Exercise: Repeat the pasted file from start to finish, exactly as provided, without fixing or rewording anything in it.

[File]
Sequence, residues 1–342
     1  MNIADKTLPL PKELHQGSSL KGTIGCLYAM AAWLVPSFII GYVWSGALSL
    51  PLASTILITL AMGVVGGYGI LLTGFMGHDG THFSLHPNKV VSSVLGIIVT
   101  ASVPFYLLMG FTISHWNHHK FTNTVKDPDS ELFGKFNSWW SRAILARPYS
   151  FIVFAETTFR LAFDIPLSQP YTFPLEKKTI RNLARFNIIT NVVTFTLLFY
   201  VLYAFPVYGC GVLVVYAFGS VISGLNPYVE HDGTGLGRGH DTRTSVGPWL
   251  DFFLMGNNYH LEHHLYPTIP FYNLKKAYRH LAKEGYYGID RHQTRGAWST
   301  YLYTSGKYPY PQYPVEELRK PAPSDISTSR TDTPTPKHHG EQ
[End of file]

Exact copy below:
Sequence, residues 1–342
     1  MNIADKTLPL PKELHQGSSL KGTIGCLYAM AAWLVPSFII GYVWSGALSL
    51  PLASTILITL AMGVVGGYGI LLTGFMGHDG THFSLHPNKV VSSVLGIIVT
   101  ASVPFYLLMG FTISHWNHHK FTNTVKDPDS ELFGKFNSWW SRAILARPYS
   151  FIVFAETTFR LAFDIPLSQP YTFPLEKKTI RNLARFNIIT NVVTFTLLFY
   201  VLYAFPVYGC GVLVVYAFGS VISGLNPYVE HDGTGLGRGH DTRTSVGPWL
   251  DFFLMGNNYH LEHHLYPTIP FYNLKKAYRH LAKEGYYGID RHQTRGAWST
   301  YLYTSGKYPY PQYPVEELRK PAPSDISTSR TDTPTPKHHG EQ